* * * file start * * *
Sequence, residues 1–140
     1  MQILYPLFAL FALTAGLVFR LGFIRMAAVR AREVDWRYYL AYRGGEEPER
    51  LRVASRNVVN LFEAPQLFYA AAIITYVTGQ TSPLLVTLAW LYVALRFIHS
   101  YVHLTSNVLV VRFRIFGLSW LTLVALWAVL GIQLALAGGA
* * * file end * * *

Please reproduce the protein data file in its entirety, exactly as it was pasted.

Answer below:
Sequence, residues 1–140
     1  MQILYPLFAL FALTAGLVFR LGFIRMAAVR AREVDWRYYL AYRGGEEPER
    51  LRVASRNVVN LFEAPQLFYA AAIITYVTGQ TSPLLVTLAW LYVALRFIHS
   101  YVHLTSNVLV VRFRIFGLSW LTLVALWAVL GIQLALAGGA